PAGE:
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Illinois Man Admits Committing Bankruptcy Fraud

Posted By Allmand Law Firm, PLLC || 16-Sep-2013


A Wonder Lake, Ill man admits he committed fraud when he filed bankruptcy protection in 2008. James Grossmayer, 51, was charged with bankruptcy fraud after admitting he intentionally left out details about interest he had ownership of from an annuity totaling thousands of dollars. He also admits paperwork submitted to the bankruptcy court was incorrect.

Grossmayer filed for Chapter 7 bankruptcy in September 2008. When he filed, he purposely left out information about a New York Life annuity he had ownership interest of that amounted to roughly $25,000. When he completed the Schedule B forms that are required by the bankruptcy court, he admitted the information was not correct and knew the documentation was false.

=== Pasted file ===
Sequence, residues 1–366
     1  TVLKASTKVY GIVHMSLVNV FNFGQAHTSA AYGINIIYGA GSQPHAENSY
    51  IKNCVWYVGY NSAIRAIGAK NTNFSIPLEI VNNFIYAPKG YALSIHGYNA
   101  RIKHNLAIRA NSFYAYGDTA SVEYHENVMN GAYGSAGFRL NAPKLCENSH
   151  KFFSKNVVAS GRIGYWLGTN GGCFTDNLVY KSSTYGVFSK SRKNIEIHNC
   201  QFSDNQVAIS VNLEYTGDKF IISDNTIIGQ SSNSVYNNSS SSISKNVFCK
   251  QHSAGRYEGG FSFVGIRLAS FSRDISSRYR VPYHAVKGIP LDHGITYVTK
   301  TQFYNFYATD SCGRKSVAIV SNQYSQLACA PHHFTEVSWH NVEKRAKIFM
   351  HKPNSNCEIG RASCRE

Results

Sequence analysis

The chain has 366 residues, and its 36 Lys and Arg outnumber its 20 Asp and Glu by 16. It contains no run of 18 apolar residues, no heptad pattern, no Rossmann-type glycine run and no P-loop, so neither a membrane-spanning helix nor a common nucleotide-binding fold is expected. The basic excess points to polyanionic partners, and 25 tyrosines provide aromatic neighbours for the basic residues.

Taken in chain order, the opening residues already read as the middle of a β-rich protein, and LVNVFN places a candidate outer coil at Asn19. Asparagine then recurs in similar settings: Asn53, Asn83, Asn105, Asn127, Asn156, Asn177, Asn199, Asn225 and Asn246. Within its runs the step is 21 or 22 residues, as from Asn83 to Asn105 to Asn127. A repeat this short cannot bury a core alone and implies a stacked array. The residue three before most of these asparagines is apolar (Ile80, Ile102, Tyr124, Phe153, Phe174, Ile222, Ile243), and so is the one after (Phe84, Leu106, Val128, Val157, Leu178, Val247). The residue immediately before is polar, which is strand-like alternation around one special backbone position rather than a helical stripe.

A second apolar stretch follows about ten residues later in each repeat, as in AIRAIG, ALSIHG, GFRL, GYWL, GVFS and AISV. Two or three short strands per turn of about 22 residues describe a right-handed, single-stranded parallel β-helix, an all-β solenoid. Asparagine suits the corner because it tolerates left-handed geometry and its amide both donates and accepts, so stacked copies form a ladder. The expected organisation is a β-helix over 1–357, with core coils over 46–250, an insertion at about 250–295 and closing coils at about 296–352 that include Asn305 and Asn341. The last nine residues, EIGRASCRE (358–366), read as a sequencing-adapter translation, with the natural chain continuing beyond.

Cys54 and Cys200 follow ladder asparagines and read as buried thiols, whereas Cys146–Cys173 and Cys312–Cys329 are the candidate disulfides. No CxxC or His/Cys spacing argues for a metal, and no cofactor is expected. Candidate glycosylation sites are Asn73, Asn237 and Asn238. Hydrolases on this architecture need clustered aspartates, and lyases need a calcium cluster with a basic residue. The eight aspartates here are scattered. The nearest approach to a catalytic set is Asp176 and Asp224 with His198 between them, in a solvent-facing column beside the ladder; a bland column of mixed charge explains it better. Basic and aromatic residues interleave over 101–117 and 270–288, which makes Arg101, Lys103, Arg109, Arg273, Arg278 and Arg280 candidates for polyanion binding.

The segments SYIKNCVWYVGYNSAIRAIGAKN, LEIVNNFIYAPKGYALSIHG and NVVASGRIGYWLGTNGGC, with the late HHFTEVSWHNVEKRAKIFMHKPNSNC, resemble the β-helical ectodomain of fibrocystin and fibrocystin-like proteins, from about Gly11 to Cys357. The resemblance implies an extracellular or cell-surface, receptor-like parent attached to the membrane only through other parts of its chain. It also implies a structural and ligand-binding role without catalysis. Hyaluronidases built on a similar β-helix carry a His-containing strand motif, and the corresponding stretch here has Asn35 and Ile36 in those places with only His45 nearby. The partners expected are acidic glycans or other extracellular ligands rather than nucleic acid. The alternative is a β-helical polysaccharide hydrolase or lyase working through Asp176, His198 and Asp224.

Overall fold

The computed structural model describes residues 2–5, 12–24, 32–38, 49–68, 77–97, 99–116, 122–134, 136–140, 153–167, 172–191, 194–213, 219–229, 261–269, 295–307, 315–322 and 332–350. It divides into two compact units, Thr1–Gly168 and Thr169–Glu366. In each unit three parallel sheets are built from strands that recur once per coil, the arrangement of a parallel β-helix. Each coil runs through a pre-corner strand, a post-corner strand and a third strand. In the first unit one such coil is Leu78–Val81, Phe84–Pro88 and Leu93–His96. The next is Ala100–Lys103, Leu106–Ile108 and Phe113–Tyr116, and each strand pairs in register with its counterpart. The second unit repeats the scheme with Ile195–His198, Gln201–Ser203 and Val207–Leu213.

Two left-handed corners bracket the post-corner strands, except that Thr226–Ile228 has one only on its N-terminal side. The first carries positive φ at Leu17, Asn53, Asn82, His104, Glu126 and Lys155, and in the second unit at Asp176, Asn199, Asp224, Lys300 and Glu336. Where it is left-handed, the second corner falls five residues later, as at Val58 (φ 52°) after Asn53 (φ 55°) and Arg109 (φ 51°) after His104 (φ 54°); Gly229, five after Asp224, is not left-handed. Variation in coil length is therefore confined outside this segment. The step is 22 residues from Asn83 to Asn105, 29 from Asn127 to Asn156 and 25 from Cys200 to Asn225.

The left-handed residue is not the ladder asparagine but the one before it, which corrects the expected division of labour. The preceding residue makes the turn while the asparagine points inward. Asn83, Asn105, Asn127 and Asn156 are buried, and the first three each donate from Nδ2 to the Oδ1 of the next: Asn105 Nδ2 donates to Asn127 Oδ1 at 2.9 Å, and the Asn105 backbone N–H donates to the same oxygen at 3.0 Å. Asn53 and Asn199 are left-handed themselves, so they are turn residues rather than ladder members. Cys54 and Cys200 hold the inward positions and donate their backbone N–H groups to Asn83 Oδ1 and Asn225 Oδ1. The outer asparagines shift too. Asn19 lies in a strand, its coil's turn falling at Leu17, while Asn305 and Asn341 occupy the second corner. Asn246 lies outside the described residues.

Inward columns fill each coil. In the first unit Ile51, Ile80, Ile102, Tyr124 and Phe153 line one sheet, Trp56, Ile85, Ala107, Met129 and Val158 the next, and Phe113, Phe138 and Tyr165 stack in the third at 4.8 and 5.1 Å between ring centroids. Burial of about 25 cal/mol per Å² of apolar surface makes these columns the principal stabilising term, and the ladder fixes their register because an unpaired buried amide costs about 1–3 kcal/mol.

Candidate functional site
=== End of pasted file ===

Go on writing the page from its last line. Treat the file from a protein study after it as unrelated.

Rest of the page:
Grossmayer was recently charged for making a false declaration under penalty of perjury in a bankruptcy case. He will be sentenced at the end of the year in December. He faces a maximum penalty of 5 years in prison along with a $250,000 fine, or be required to pay whichever is larger between the gross loss or gross gain that resulted from the offense.

Bankruptcy fraud can be committed by completing one or numerous actions. Withholding information about assets is a common form of fraud, but this can be prevented if debtors take time to learn about their options with a qualified bankruptcy expert in Dallas-Fort Worth before beginning bankruptcy proceedings.


Categories: Bankruptcy Fraud
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